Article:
More fresh faces this time around?

The hunt for general election candidates has started. Anticipation on who will make the cut is high in Umno, with many expecting significant changes in the lineup, writes ABDUL RAZAK AHMAD

New Straits Times

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WHEN an Umno committee rejected the proposed names of two long-serving party stalwarts from representing a northern state in this year's party assembly debates, it caused a stir in the rank and file.

To some, it was an indirect "signal" that the two veterans might not be favoured as candidates in the general election. This triggered more talk on who else could be making way for fresh faces in the state.

In Terengganu, there is talk that new faces could make up to 40 per cent of candidates in the Umno line-up.

There's also speculation in several other states that extensive changes could be on the way.

Umno is gearing up for a likely early general election many believe will happen possibly as early as the first quarter of next year.

The party, which is the largest Barisan Nasional component in the Dewan Rakyat with 110 seats — enough for a simple majority in the 219-seat parliament — is identifying potential candidates for the polls.

All state Umno branches will be submitting a list of potential candidates to party president and BN chairman Datuk Seri Abdullah Ahmad Badawi.

It explains the growing interest on who will make the cut, but something else is driving suspicions of sweeping changes in the candidate slate.

Some believe the members of parliament and state assemblymen, who stood in the general election in 2004, were a "transitional" line-up for Abdullah.

They expect the coming polls — Abdullah's second as leader — to give him a freer hand.

"The 2004 election presented a handicap for Abdullah. He had to maintain a balance between the old and the new to ensure continuity," says Alor Star Umno division committee member Guntor Tobeng.

"Now, we need to put up a group of candidates whom Pak Lah feels can really deliver and meet his criteria."

Perak's Lumut division chief, Datuk Zambry Abd Kadir, agrees.

"I think many of us feel that this is the best opportunity for the party president to review the existing state and federal Umno line-up."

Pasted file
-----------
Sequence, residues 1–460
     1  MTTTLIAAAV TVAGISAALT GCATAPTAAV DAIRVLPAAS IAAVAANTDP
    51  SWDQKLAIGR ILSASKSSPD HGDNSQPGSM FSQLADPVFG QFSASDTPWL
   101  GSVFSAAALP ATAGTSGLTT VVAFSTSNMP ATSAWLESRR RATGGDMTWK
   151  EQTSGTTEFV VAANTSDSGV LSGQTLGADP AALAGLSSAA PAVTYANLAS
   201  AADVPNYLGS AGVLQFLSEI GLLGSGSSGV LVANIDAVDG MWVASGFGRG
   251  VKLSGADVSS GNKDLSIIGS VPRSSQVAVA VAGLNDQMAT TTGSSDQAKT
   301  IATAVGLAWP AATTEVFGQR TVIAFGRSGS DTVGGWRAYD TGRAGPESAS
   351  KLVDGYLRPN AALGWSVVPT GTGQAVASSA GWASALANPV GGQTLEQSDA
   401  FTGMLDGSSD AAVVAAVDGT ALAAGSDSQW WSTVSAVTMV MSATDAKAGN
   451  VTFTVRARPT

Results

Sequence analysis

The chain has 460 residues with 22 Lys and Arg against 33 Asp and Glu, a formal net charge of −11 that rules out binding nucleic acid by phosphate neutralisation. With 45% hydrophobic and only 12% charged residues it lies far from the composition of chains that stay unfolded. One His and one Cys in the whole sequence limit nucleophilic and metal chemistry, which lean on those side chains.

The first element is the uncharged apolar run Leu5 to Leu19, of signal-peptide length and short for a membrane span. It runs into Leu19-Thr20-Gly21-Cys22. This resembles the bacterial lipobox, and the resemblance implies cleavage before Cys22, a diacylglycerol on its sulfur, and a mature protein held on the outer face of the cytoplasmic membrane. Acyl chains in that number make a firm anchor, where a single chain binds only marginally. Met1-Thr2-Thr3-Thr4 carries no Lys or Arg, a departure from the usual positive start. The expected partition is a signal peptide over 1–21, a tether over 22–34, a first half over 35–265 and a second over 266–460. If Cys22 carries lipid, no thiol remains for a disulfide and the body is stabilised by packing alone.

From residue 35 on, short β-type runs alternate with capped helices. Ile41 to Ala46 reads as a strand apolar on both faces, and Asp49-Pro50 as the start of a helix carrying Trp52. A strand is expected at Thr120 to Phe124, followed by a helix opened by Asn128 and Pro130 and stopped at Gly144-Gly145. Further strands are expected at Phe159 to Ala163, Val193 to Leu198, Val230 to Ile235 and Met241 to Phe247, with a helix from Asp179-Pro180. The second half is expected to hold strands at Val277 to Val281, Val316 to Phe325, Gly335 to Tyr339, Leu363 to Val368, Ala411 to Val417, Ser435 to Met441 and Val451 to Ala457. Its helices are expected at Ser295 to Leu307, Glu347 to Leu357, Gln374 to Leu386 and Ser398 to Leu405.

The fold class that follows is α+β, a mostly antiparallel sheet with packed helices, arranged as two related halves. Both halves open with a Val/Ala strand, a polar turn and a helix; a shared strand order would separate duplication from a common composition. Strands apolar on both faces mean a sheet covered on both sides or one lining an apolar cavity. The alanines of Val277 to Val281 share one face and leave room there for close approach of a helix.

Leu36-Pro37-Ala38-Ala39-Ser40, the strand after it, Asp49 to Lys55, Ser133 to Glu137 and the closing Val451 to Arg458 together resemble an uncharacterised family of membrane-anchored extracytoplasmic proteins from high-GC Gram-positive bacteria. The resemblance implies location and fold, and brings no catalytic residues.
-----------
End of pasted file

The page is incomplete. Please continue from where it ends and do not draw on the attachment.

How much change is possible?

There is no quota for new faces. Umno officials from various states, though, note that roughly 20 to 30 per cent of the Umno line-up is changed in each general election.

The possibility of more change this time is firing the imagination of many on what the new team could look like. One particularly strong call is for more younger candidates.

One of the most vocal Umno figures pushing for this is Federal Territories Umno Youth chief Datuk Mohamad Norza Zakaria.

His reasoning is that seven out of 10 Malaysians are under 40.

Younger MPs and assemblymen, he argues, are needed to better reflect this reality.

This cohort — at times referred to as the "New Economic Policy" generation — is represented to some extent in the leadership of government-linked companies and in the private sector.

Norza feels they are still not adequately represented in the parliament and state assemblies.

"In the 1999 line-up, we only had one MP (Datuk Shaziman Abu Mansor, Tampin MP) and 12 state assemblymen under 40, including Selangor Menteri Besar Datuk Seri Dr Mohd Khir Toyo."

The situation now is better. Though most MPs are mainly in their 50s and 60s, Umno fielded nine MPs aged 40 and below in the 2004 general election.

In any case, a bigger pool of younger elected representatives, who are in their mid-30s and early 40s, would be handy, say proponents, as it would take a few terms to groom MPs into potential cabinet members.

But it isn't just more "youthful" Yang Berhormat that some are asking for in the coming line-up.